China's central bank lowered its medium term lending rate for the first time since 2016 as the economy grew at the slowest pace in nearly three decades.
The People's Bank of China on Tuesday reduced the rate on its one year medium-term lending facility by 5 basis points to 3.25 percent from 3.3 percent.
As this should put downward pressure on the loan prime rate, Iris Pang, an ING economist said she expects 5 basis points reduction in LPR for 1-year loans to 4.15 percent from 4.20 percent on November 20.
The loan prime rate is fixed monthly based on the submission of 18 banks, though Beijing has influence over the rate-setting. This new lending rate replaced PBoC's traditional benchmark lending rate in August.
As liquidity has tightened, there is also pressure on the PboC to cut the reserve rate requirement in November or December, Pang added. However, PboC will adopt a wait-and-see approach.
Julian Evans-Pritchard, an economist at Capital Economics, said with economic activity likely to come under further pressure in the months ahead, more easing will be needed to prevent growth from slowing too sharply.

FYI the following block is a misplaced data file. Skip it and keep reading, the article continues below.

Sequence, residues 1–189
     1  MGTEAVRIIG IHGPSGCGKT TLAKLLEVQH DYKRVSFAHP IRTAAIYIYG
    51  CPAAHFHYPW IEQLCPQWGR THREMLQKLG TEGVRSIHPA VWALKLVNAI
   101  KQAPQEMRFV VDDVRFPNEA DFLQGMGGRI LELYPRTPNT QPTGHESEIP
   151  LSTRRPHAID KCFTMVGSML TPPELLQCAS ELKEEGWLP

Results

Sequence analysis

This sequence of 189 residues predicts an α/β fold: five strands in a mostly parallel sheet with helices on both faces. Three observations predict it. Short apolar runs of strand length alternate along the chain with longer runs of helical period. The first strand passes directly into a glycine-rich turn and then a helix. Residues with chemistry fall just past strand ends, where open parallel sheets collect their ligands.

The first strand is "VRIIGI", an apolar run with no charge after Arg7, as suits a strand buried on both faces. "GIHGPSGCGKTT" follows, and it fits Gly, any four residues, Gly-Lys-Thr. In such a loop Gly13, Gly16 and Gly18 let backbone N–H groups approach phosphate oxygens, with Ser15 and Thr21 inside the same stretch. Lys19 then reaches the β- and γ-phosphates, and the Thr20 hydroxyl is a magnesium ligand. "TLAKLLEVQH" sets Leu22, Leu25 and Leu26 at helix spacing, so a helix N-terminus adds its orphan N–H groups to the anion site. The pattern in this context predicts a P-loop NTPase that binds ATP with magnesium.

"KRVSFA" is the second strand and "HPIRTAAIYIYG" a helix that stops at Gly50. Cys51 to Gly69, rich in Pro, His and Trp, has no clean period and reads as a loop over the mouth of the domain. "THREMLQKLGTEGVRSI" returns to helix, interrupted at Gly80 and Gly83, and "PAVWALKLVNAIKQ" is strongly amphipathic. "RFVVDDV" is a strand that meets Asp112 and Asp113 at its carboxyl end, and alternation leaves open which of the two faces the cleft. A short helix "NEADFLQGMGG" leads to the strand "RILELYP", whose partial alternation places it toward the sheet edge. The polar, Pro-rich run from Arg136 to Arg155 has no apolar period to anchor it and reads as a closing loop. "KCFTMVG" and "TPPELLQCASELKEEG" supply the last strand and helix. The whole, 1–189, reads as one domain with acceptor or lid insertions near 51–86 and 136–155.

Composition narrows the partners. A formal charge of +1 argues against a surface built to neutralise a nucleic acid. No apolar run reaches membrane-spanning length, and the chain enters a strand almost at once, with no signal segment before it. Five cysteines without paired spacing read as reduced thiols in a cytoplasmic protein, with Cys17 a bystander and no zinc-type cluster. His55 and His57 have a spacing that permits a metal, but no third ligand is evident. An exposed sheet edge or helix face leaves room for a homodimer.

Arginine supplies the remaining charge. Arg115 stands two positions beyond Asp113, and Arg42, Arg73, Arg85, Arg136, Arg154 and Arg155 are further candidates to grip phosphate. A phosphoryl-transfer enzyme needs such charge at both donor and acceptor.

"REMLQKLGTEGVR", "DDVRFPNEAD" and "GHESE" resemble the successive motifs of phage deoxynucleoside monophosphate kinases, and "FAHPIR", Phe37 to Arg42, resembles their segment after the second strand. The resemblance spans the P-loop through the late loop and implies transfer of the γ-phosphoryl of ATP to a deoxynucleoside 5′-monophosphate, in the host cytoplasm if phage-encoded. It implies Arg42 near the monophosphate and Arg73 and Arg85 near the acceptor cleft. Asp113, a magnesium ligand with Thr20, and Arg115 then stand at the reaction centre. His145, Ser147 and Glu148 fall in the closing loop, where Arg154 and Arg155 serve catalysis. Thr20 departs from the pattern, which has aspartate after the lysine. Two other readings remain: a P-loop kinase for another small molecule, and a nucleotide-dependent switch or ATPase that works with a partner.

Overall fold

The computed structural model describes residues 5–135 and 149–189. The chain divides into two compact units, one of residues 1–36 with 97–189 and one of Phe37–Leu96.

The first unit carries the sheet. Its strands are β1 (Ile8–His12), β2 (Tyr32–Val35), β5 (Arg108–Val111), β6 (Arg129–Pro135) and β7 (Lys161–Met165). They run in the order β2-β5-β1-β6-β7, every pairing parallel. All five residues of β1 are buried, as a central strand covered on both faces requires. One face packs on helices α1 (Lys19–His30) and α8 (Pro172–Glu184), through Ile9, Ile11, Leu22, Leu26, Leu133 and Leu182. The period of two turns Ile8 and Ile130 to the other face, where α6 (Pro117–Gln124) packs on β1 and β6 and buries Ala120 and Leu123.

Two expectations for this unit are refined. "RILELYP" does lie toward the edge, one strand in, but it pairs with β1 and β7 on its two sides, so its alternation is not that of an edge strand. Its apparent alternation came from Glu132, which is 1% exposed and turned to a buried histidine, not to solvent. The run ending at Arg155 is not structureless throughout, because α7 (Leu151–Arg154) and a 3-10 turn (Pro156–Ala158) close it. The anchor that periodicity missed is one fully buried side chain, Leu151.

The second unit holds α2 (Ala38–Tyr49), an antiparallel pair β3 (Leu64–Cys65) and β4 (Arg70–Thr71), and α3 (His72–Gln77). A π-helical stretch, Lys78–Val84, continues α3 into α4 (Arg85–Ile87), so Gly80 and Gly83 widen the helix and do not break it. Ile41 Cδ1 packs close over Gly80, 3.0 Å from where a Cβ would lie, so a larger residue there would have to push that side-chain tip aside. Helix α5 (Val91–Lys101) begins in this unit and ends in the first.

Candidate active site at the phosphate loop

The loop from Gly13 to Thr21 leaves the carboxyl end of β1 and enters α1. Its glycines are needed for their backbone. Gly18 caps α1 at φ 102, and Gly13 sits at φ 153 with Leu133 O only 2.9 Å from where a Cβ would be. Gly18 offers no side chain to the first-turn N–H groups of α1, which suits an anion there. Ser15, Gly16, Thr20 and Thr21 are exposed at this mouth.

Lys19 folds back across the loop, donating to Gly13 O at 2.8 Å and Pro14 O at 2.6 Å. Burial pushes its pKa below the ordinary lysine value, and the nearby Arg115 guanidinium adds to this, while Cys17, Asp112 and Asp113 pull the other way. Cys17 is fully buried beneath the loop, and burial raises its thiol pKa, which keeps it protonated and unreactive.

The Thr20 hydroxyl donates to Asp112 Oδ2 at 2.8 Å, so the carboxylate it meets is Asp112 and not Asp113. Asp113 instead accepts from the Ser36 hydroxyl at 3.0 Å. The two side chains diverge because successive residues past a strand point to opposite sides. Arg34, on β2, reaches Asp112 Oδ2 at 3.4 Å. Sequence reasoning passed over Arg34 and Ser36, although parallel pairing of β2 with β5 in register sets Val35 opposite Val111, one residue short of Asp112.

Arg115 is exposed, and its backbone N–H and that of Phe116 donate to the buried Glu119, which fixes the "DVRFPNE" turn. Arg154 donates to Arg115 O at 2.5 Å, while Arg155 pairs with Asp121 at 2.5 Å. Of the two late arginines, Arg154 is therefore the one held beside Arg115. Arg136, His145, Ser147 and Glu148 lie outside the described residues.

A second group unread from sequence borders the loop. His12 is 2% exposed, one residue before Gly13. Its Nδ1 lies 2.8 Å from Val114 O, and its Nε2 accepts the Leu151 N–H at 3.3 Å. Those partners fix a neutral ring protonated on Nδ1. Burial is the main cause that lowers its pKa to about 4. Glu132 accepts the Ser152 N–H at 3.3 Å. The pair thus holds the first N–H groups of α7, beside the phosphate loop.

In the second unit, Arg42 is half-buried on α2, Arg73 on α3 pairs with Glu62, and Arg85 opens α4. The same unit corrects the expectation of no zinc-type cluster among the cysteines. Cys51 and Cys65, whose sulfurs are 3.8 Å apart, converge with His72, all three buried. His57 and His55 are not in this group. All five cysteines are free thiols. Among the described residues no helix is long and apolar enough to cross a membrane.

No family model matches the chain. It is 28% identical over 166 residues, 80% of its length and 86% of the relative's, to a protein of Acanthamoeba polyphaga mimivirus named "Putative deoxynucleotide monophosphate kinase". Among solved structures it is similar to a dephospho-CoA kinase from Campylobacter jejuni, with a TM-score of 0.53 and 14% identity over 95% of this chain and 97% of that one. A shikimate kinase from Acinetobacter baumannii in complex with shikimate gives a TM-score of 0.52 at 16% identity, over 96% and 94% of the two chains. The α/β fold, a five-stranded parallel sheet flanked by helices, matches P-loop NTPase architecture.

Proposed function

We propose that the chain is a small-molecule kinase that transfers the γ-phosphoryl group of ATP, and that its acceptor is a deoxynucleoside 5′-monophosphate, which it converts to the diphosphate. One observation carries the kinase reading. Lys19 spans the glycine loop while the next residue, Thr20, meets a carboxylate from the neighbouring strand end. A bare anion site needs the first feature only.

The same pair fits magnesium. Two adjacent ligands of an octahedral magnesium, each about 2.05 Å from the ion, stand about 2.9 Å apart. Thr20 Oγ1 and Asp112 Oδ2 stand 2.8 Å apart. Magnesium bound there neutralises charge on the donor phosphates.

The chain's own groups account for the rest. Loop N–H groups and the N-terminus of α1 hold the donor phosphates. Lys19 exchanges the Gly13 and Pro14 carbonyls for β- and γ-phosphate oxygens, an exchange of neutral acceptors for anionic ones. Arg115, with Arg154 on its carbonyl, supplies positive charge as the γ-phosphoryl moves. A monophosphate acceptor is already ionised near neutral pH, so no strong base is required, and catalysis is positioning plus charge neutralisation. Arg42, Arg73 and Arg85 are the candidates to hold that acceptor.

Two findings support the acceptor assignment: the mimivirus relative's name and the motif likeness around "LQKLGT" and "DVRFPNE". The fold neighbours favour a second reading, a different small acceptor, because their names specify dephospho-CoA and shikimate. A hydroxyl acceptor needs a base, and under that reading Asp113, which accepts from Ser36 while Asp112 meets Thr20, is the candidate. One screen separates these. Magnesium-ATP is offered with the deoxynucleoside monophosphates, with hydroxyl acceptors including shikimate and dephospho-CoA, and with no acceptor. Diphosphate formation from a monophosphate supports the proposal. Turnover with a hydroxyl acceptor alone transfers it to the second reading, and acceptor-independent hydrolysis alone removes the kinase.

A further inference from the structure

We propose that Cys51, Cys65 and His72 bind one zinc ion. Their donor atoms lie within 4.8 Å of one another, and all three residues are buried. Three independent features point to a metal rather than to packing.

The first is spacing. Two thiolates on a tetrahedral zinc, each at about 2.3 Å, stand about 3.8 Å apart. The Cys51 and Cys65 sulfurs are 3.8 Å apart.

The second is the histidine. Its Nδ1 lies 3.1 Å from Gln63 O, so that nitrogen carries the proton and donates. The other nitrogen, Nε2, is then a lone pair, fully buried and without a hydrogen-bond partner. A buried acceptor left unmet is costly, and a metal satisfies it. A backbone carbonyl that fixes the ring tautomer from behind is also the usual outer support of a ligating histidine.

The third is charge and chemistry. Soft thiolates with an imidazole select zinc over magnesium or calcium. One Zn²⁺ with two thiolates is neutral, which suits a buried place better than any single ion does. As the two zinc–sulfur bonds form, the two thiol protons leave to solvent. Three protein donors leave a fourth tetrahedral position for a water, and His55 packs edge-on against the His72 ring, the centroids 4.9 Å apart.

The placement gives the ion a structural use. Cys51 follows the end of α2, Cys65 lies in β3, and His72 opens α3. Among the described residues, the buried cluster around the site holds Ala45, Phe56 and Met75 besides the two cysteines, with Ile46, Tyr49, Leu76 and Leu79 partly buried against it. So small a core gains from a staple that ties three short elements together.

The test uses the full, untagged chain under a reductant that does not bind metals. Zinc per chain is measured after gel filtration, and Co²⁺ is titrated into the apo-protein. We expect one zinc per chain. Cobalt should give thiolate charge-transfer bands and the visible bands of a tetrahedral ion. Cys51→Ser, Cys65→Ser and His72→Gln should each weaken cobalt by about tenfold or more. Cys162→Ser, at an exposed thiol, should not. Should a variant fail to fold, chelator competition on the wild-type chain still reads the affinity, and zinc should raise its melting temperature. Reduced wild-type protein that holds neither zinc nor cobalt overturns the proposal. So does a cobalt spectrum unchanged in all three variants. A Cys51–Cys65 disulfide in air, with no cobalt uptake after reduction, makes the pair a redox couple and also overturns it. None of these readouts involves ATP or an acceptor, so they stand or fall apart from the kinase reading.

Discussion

The central bank also lent CNY 400 billion via one-year MLF on Tuesday. A batch of MLF worth about CNY 403 billion is due to mature on Tuesday.
Elsewhere, data released earlier in the day showed that China's private sector expanded at the fastest pace in six months in October driven by manufacturing activity. The IHS Markit/Caixin composite output index rose to 52.0 in October from 51.9 in September.
Meanwhile, the services Purchasing Managers' Index fell to 51.1 from 51.3 in September. This marked the slowest increase in services activity for eight months.
Zhengsheng Zhong, director of macroeconomic analysis at CEBM Group said, "The foundation for economic growth to stabilize still needs to be consolidated."
The economy grew only 6 percent in the third quarter, the weakest since 1992. The International Monetary Fund forecast China's growth to slow to 6.1 percent this year and to 5.8 percent next year.